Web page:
Most Americans would probably not look too kindly on a German university maintaining plaques dedicated to those who died fighting for Nazism. Most might also be able to sympathize with Jewish students who pay and enroll as anyone else — only to show up and be greeted with the commemoration of a regime that sought to exterminate them. It is deeply unfortunate, then, that this country is able to materialize such vicious outrage at the prospect of the University of Virginia removing its own Confederate plaques.
For argument’s sake, let’s return to the hypothetical German university. Ask yourself how you would look upon the German people if they expressed grief and anger over the removal of Nazi propaganda. It might give you the impression, perhaps, that they had fond memories of Hitler and his regime; that they enjoyed nostalgic glances back at that murderous time; that they wished to hold onto remnants of its existence.
But this is not the Germany we know today. In actuality, the nation has gone to great lengths to expunge any and all Nazism from its collective culture, political psychology and, for that matter, foreseeable future. And this is exactly how any reasonable, free, industrialized nation should approach its genocidal fallen regimes: With a cautious acknowledgement of the power of hatred, commitment to education and removal of the iconography of a vicious and disgusting past.
For better or worse, our previous missteps and failings have contributed to the great legacy we value today. But let’s get something straight: The Confederacy is not a point of pride for the South. It destroyed our economy, shackled our local governments to Northern control and decimated our population. Most importantly, it attempted to maintain the horrors of a world and an economy surviving on the savagery of human slavery.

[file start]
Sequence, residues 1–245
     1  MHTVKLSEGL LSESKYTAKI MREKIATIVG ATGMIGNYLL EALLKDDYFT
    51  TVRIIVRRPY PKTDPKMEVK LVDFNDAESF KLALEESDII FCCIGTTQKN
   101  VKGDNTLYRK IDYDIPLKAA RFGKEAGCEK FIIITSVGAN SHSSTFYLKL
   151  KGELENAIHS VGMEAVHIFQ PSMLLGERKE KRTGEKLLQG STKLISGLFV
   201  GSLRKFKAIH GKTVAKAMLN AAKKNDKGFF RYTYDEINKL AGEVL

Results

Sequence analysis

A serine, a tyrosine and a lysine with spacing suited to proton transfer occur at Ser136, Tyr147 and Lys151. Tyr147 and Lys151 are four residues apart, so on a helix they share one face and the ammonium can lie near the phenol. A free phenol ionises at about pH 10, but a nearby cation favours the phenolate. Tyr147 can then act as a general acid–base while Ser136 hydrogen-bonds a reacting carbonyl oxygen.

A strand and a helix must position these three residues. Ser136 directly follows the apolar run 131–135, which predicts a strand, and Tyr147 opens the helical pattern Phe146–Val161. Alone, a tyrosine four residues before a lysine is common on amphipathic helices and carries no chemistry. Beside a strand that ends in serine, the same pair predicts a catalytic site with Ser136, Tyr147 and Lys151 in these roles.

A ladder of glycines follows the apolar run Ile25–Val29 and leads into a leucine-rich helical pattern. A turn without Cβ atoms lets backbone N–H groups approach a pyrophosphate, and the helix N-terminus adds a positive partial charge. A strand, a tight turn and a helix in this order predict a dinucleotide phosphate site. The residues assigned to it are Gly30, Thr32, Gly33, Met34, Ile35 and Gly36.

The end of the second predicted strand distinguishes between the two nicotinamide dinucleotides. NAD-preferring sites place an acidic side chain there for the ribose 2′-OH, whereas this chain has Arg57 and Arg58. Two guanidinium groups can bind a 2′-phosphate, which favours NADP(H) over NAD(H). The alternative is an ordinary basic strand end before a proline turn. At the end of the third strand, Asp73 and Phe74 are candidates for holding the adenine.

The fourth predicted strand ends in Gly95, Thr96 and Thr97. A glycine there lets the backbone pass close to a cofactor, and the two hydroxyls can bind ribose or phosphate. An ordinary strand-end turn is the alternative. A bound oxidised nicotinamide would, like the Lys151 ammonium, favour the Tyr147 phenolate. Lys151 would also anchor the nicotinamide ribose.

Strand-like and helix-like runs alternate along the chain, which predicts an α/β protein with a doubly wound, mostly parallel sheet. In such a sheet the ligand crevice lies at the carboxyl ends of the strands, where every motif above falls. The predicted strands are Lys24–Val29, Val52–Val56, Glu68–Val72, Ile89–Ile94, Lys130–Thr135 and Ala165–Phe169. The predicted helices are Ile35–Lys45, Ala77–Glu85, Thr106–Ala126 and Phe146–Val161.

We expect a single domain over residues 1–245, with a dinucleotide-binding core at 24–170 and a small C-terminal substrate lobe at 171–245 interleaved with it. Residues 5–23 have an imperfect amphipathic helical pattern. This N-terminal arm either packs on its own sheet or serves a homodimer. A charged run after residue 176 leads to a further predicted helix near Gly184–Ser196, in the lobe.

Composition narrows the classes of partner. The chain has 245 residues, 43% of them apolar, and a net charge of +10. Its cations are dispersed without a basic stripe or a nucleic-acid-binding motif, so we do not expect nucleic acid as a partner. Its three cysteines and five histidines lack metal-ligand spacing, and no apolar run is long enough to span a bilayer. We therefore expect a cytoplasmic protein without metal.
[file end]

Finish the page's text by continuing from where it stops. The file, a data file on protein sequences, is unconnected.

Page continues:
The Congressional politics of the late 19th century were complicated but secession was unequivocally a huge political, tactical and economic mistake. And those who try to cloak its bloodshed in a golden glow of history, commemorative legacy or cultural preservation have no other aims but to resurrect the only part of the antebellum South they truly know or understand — white supremacy. For all the rich history and legacy of the American South, these cultural “preservers” seem awfully obsessed with a certain four years out of those past 300.
By removing these Confederate plaques, the University of Virginia is simply taking another important step toward removing another avenue for Confederate hero worship. For many years, the university has maintained plenty of other historical sites and commemorative decor in and around its campus. The University of Virginia values its cultural history; it simply refuses to celebrate a time in which it found itself on its most amoral and most misguided path.
Sure, those men died fighting to preserve their preferred culture and way of life; shall we also erect a statue of Joseph Goebbels, who died doing exactly the same thing? The fact remains that simply dying for a cause does not automatically warrant the veneration of your “sacrifice,” and thereby your cause. To choose to self-sacrifice for evil purposes also implies the right of your descendants to look back and see that sacrifice as unfortunate and unconscionable.
In a sense, these plaques are racist while also being seen as the participation ribbons of historical preservation. To dedicate one’s life to splitting and destroying the United States and the American legacy does not earn one’s right to be remembered on a plaque at a public American university.
We should laud the University of Virginia for taking an ethical approach to the curation of its campus history. Virginia, and the whole of the South for that matter, lives on today. It looks toward a future full of the rich culture, art and tradition for which it has always been known. The South is not the Confederate legacy — and it should refuse to be defined as such.